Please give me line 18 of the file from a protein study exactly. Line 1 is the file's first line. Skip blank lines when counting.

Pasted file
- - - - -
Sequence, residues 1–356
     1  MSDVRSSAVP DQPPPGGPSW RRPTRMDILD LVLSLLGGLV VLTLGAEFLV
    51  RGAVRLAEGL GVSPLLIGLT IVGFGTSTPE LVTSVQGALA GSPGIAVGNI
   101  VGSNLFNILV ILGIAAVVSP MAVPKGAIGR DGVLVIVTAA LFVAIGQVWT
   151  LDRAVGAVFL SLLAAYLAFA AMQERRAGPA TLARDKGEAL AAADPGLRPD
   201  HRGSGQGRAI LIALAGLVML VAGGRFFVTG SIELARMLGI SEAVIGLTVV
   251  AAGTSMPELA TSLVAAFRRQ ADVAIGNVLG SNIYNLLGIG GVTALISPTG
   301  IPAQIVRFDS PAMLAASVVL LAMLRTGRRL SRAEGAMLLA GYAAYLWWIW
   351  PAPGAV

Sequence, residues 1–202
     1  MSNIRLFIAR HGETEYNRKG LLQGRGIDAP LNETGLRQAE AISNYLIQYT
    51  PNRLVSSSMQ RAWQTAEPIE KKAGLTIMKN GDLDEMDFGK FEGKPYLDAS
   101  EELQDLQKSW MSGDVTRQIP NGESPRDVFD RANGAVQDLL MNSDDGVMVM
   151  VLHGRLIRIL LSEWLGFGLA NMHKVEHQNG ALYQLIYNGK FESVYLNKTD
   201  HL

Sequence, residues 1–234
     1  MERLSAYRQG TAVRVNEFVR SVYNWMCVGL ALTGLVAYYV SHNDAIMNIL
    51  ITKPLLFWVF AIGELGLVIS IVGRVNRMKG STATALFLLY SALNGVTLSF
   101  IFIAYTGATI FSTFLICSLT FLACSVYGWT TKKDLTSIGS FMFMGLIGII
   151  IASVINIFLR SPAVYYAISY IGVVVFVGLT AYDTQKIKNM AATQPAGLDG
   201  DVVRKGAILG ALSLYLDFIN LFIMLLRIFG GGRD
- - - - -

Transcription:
    51  ITKPLLFWVF AIGELGLVIS IVGRVNRMKG STATALFLLY SALNGVTLSF